Chennai Storytelling Festival 2019,
at Loyola College
Sat 9 Feb 2019, for Adults --
"Storytelling for Teaching-and-learning any Academic Subject".
One can use any kind of story (real-life, fictional, etc.) to bring material up, raise points, and put these matters into play. Then students could work and play with the material in various ways, including intellectually, or in metaphorical terms.
Examples. Illustrations. Specific Problems.
A student is motivated to find the answer in an example, because the student identifies with the characters in the story, and wants to be sure the solutions are correct for these characters' sakes.
If there are 4 apples and 2 children, and if each child would get the same number of apples, how many apples would each child get?
If a train is traveling at 40km per hour, how many hours would it take to travel 240km?
If a train is traveling at 40km per hour, how many kms would it go after 6 hours?
If a train takes 6 hours to go 240km, at what speed (at how many kms per hour) is the train traveling?
Science, Medicine, Engineering, Environmental Sciences, Biology, Chemistry
One could tell:
1) The story of how one got interested in this field.
2) Case studies of advancements in a field.
The Life Stories of Inventors, Explorers, Discoverers, etc.
Who are one's heroes/heroines in a field?
What were the conditions?
What did the innovator have to go through to make the advancement, and make it known?
3) Stories relating to lectures and lesson-plans.
What issues, questions, problems, conflicts, processes, formulas do you want your students to think about?
What issues do you want them to be able to debate?
Regarding what topics do you want your students to be able to see and understand,
1) from two or more sides?
2) the pro's and con's, the advantages and disadvantages, of various solutions, approaches, or points of view?
Stories can help learners visualise phenomena, and understand situations clearly and vividly. Stories can be fun, and can help learners get emotionally-involved.
Participants might be asked,
a) "What subject to you teach?" "In what academic discipline are you in?"
b) "Please select one lesson you have taught students, or might like to teach students".
c) To use the terminology of a Lesson Plan: "What is the objective of the lesson? What should the students learn? What facts do you want them to absorb? What principles do you want them to become familiar with, and be able to apply?" The lesson involves something one wants one's students to think about -- to understand, and to understand the importance of.
Educators often say: "We do not want to teach students what to think. We want to teach them how to think".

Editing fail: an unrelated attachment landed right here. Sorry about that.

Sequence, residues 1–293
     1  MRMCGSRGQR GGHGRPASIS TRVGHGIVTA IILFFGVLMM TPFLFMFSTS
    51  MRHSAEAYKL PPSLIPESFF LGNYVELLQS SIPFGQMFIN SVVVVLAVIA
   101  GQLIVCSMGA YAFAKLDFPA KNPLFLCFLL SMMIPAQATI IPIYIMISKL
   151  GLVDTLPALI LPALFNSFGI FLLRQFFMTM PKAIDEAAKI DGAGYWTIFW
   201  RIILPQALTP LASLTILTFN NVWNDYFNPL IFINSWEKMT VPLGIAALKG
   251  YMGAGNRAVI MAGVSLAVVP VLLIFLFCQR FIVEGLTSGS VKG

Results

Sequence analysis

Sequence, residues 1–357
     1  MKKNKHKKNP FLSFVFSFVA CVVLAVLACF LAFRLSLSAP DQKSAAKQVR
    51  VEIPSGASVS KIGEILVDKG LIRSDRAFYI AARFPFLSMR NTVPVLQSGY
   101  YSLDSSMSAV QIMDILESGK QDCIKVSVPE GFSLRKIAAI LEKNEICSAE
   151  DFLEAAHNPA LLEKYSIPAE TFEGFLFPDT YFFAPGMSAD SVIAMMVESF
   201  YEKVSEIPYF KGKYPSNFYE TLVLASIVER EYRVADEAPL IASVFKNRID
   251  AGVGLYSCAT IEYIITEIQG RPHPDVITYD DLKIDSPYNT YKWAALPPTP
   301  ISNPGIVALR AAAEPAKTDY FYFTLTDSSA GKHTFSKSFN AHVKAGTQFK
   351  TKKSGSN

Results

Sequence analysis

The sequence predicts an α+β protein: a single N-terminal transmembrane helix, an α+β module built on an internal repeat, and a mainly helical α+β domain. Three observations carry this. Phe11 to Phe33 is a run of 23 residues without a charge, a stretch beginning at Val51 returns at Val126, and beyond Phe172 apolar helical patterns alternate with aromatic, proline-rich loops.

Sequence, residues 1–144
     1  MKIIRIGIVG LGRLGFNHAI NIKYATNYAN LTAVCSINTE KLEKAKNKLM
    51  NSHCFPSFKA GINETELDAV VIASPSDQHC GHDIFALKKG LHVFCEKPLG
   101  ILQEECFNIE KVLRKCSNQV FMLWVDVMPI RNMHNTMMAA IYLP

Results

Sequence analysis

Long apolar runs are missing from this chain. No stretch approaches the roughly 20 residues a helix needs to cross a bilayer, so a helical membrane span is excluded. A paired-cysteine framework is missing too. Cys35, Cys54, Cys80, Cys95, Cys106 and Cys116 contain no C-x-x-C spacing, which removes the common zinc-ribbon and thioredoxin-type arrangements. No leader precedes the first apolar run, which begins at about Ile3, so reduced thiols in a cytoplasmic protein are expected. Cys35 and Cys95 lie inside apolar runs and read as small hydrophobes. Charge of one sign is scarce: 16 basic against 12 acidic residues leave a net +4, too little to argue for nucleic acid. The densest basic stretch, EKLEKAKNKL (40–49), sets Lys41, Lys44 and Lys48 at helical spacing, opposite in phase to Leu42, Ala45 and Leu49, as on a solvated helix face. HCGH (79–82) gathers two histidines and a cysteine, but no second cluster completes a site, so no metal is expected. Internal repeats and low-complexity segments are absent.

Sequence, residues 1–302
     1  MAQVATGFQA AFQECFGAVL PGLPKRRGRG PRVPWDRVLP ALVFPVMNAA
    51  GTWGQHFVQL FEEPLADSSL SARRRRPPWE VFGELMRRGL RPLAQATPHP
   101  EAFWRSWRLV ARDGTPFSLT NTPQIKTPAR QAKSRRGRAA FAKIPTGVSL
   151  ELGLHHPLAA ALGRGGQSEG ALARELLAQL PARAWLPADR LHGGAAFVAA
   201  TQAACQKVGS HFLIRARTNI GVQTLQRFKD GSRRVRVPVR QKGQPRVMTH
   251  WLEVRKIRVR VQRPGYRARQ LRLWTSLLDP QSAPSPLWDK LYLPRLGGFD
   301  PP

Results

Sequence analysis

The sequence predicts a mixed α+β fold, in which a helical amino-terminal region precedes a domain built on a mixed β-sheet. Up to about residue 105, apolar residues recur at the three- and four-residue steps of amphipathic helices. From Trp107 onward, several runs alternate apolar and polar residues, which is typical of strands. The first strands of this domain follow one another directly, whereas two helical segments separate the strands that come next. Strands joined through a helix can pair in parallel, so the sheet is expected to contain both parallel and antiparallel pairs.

A saying that illustrates this point is: "If you give someone a vegetable, they can eat once. If you teach someone how to grow a vegetable (and help them to obtain the needed farm equipment) -- they can eat during their entire lifetimes."
Stories can teach what and how.
Sometimes when one wants students to think about and learn something, they are not paying attention. They are not absorbing it. Not retaining it. Not interested in it. In such cases, one needs to capture their imaginations.
The "teaching-by-storytelling method" often involves personifying aspects of the matter, personifying abstractions into characters. These characters might be in situations in which they might need to decide what to do next. The characters might want things, have goals, missions. The characters might go on adventures.
So, seek to find or create characters, and a story, that embody elements of the lesson. Present characters that learners can relate to. The learners should be able to understand these characters' points of view -- including what the characters want, and why they want it.
Why use metaphors? Possible answers include: To present a situation clearly and vividly, and to connect a new situation with previously-known situations.
Options: Have one character do something a wrong way, and one character do it a right way. Or, have a character do something a wrong way first, and then a right way.
Options: Present a debate between characters. Present a debate within a person (between voices/urges/ideas within a single character).
4) Using personification, tell the story of a struggle of a plant, cell, etc, to fulfill itself.
"Walter the Drop of Water" (the three forms of H2O).
This story uses metaphor (fantasy) to give a warning about causing unintended consequences when one manipulates the environment --
"King Yaa-yaa" (Ecology).
Literature, History, Sociology, Anthropology
Before, during, and/or after reading about the experience of a character -- one could discuss with one's students:
If you were in that position, what wouild you do?
How do you feel about the way that character handled that situiation?
The students project themselves into the story, and identify with the characters.
This helps the students develop their imaginations, and senses of compassion and empathy. It also helps them develop their decision-making processes.